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Here we are again. The earth has orbited the sun. The continents have drifted farther apart. The seasons came and went, as they do. Que sera, sera.

But through it all, one ironclad reality remained: Our state is stuck on stupid. We continue to be the country’s laughingstock, a place where the forces of dumb converge in a supernatural manner, finding new and ever more embarrassing ways to proclaim to the world that Floridians are not smart.

We’ve said it before: When something so idiotic as to be almost inconceivable happens, chances are it happened here.

So welcome to another edition of Our Dumb State, a quick rundown of the stupid spawned here since our last volume in August 2007. Don’t count on it getting better anytime soon.


In October, the Metropolitan Bureau of Investigation – Orlando’s morality police – arrested three Orlando Weekly employees for selling escort ads, charged the paper with racketeering and told the media that the Weekly is a pimping service on dead trees.

Never mind that this prosecution was the first of its kind in the entire nation, or that the MBI opened the investigation two months after we published an exposé about one of the agency’s strip club investigations, or that the MBI’s director himself, Bill Lutz, couldn’t quite figure out what law we allegedly broke.

Like most other investigations undertaken by the Keystone Cops, it didn’t go as planned. In February, shortly after attorneys for the paper filed a motion to dismiss the case, the MBI agreed to drop all the charges against the newspaper, as well as those against the employees. In return, the paper paid court costs and the employees performed community service.

In most states, police have better things to do than launch a two-year investigation of a newspaper for selling classified ads. But this is Florida.


Elsewhere in civilization – Kansas excepted – public-school students have been learning about Charles Darwin’s theory of evolution for decades, because there’s an overwhelming body of evidence to support it and virtually every reputable scientist agrees it’s the best means we have to explain the astonishing variety of life on Earth.

Unfortunately, science sometimes runs counter to churchin’, and this is Florida. When the Florida Board of Education added the word “evolution” to state science curriculum standards, theocrats and the pols who pander to them pounced. There were cries that Darwin’s theories led to Nazism and a demand that the state give “equal time” to intelligent design, a “theory” that can be summarized as follows: “Biological life is really complex, so God must have done it.”

At a February public hearing on the change in Orlando, the fundies were out in full force. Evolution, they proclaimed, was “unprovable and Godless,” and in the words of a self-identified former assistant principal, “I’m a Christian who believes that God created the world in seven days and that there are many examples. There are many proven facts in the Bible.”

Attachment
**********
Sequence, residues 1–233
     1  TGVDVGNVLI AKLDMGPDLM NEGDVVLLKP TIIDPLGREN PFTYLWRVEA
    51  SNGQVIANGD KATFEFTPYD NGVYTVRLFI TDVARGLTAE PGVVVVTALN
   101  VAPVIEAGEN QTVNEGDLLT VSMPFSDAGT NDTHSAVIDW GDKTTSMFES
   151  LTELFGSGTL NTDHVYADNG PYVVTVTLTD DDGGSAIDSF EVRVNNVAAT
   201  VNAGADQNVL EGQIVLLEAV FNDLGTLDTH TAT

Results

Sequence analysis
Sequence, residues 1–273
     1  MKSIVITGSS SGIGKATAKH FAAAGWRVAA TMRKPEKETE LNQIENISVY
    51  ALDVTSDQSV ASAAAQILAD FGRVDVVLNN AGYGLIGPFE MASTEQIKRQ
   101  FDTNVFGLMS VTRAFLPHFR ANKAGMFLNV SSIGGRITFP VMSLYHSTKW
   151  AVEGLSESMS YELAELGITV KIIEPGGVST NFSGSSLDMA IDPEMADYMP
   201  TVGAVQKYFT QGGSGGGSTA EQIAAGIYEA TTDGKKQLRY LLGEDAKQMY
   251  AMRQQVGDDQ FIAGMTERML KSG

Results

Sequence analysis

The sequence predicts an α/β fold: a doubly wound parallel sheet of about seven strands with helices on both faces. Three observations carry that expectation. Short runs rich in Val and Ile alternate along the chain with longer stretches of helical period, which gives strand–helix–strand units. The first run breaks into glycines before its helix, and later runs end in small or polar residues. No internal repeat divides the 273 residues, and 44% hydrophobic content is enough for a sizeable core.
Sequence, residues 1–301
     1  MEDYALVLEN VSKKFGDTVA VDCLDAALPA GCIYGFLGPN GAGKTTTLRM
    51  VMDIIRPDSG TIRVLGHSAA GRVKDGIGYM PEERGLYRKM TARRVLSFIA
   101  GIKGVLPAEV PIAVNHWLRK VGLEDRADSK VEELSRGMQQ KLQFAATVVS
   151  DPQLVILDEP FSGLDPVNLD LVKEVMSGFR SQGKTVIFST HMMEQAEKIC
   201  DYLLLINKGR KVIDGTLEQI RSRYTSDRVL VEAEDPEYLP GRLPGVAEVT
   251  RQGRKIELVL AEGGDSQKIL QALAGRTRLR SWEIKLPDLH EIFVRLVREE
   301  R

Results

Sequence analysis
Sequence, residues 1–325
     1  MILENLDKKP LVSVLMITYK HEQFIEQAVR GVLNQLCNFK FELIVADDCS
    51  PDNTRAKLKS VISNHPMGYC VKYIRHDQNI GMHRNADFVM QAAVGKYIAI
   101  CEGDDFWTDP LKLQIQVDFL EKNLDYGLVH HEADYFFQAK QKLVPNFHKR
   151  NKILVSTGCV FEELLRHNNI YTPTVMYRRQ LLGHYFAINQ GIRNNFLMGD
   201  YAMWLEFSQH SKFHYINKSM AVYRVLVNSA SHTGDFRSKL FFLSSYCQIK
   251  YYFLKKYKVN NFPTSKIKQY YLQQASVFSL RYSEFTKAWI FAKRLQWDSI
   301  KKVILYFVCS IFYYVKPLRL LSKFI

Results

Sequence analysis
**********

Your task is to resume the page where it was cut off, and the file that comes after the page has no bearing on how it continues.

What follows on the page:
Fortunately, and surprisingly, rationality won out. In a 4-3 vote, the Florida Board of Education approved the new science standards. But they had to make a concession: The board agreed that any mention of evolution will be preceded by the descriptor, “the scientific theory of.” Just to make sure that the kids won’t take it too seriously.


Speaking of fun in the public schools, in early May, the Pasco County school system fired a substitute teacher accused of “wizardry.”

According to, teacher Jim Piculas performed a magic trick in which he made a toothpick disappear for 30 seconds. Shortly thereafter, he was called to a meeting with the school board’s supervisor of substitute teachers and told, “You’ve been accused of wizardry.”

School officials defended themselves by saying that Piculas wasn’t only fired for wizardry – there were other issues at play. Still, if any part of your explanation for sacking an employee includes the word “wizardry,” odds are you live in Florida.


The Florida Legislature is almost always a cornucopia of stupid, and this year was no different. The state Senate, for instance, decided to wage war on plastic bull testicles. To be more specific, Truck Nutz, the fake balls that rednecks put on the trailer hitches of their pickup trucks in an effort to seduce their cousins.

Turns out one such redneck is Sen. Jim King, a Jacksonville Republican who copped to having his own pair of Truck Nutz. He called them “an expression of truckliness.”

The Florida House of Representatives -– hardly the model of erudite law-making – declined to take up the ban, which means you can still drive around with a big ol’ ballsack on your truck iffin’ you wanna.